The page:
Making the Model

There are many variations of the tacketed binding (in Pickwoad’s article he identifies 240+ variations of the tacket attachments alone), so it was imperative that I first develop a clear plan for my model using the materials I had at hand. My end goal was to make a secondary tacketed binding with transverse twisted tackets.

I began by making my text-block. I folded large, hefty sections of paper and secured them with a sewing structure I imitated from an online recording of the Guild of Book Workers 2007 Standards meeting (Creating Medieval Stationer’s Binding Structures: Lacing Patterns, Tacketing Methods, and Leather by Chela Metzger) However, instead of using split leather thong, I used Bristol board. You can see that the supports are longer on only one side. This was traditionally done to allow for the possibility to add more sections to the book at a later time.

Left: Chela Metzger’s Sewing block from the GBW Standards meeting recording 2007. Right: My sewn text block inspired by Chela.

Next, I constructed a paper case with large turn-ins and three leather overbands. These cases would normally have been made out of vellum, parchment, or leather, but I only had access to a thick, textured paper (I used Canson Mi Tienes paper). I decided to add cardstock weight paper insets laced onto my supports to strengthen the covers. I’m intending to add an Italian decorative lacing pattern into the overbands once I have the right cord. Simultaneously, I consolidated my spine with a layer of wheat starch paste and added Japanese paper linings to the spine between my sewing stations.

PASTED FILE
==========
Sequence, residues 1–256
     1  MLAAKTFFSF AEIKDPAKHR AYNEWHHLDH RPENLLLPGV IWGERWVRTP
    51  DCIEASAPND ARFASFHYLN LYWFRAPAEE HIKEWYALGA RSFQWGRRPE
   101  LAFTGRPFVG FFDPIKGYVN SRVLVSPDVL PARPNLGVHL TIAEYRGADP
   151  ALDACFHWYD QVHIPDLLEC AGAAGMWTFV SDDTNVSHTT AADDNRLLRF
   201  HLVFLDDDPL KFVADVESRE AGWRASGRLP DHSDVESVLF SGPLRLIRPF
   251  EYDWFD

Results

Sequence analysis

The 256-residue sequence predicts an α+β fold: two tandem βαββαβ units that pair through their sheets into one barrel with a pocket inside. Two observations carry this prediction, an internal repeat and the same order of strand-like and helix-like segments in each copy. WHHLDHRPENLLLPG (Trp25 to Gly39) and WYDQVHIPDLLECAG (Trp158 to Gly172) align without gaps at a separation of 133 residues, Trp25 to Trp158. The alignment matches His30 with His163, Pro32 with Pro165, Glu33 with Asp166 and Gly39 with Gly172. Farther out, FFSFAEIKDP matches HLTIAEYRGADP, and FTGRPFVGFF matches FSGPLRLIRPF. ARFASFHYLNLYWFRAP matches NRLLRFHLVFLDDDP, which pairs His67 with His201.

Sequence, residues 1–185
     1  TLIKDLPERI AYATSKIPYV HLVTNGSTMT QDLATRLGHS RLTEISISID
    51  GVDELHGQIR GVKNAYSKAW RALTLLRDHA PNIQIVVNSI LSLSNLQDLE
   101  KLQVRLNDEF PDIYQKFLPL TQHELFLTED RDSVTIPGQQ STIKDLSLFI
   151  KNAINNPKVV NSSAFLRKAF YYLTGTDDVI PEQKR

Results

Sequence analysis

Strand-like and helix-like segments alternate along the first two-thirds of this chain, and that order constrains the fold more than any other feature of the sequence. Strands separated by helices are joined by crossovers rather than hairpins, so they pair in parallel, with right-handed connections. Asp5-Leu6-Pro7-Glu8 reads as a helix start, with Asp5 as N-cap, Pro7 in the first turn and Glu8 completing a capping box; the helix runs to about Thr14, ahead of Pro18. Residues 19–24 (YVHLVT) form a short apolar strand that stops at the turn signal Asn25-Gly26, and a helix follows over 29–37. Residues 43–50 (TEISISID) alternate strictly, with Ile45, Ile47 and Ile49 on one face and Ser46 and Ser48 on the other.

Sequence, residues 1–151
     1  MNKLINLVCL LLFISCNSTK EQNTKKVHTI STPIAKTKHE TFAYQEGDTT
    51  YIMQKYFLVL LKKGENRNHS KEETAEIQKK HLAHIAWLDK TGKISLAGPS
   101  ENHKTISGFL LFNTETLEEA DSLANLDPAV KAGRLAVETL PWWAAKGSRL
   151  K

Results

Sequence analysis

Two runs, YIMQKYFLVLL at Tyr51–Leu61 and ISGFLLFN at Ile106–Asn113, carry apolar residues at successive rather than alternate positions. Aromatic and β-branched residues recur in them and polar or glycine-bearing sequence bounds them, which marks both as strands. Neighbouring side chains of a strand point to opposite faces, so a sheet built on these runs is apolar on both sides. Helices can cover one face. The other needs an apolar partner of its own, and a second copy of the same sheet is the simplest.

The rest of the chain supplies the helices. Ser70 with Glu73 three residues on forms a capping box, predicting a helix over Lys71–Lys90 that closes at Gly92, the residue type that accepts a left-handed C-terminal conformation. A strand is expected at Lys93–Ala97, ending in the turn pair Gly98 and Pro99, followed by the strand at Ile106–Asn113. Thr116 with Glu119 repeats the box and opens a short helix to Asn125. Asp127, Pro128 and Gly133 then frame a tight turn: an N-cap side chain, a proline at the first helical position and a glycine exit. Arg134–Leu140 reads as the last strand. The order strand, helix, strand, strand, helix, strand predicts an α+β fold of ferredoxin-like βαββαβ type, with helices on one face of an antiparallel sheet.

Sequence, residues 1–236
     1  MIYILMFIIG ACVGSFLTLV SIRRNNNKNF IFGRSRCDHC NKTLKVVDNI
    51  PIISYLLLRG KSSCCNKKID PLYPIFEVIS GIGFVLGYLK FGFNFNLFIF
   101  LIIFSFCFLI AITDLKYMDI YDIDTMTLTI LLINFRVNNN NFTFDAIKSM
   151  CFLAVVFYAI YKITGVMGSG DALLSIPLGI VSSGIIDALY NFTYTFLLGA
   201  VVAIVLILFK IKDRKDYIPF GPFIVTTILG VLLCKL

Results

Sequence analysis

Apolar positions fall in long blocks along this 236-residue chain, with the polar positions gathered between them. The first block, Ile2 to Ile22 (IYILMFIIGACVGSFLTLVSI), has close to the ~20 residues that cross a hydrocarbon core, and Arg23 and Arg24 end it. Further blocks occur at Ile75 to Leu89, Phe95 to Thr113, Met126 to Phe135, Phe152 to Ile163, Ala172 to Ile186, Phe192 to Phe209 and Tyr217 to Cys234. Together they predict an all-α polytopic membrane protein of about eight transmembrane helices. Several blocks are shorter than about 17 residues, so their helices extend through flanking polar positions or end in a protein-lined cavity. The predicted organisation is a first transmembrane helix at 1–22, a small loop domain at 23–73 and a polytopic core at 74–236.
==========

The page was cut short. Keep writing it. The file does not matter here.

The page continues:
Prepping the limp cover with leather overbands.

My next step was to start making my tackets. I cut up very thin pieces of parchment and I soaked them in water for about 10 minutes to make sure they had been sufficiently hydrated and were pliable. Once moisturized, I twisted the tackets firmly and let them dry in their new formation. While my tackets dried, I sewed endbands onto my text-block.

Left: Twisted parchment drying
Right: Endbands on a leather core in progress.

 

 

 

 

 

 

 

 

 

Finally, I attempted the tacketing process. I pierced the parchment tackets into the sections of my text-block and out my case’s pre-punched leather overbands. I found securing the tacket ends to be more challenging than I expected.  After an hour or so of adjustments, my tackets ultimately turned out to be a little looser than I would like. Parchment is a beast of a material, and I am relatively inexperienced in coaxing it to do what I want.  However, after I tighten my tackets a bit and add decorative lacing to the overbands, I will consider this model a win.

Tackets in progress.
Me and my (almost) finished book!

References:

Pickwoad, Nicholas. “Tacketed Bindings: A Hundred Years of European Book-binding.” “For the Love of the Binding”: Studies in Bookbinding History Presented to Mirjam Foot. Ed. David Pearson. London: British Library and Oak Knoll, 2000. 119–67. Print.

Chela Metzger. “Creating Medieval Stationer’s Binding Structures: Lacing Patterns, Tacketing Methods, and Leather.” Guild of Book Workers Standards Meeting. 2007. Video.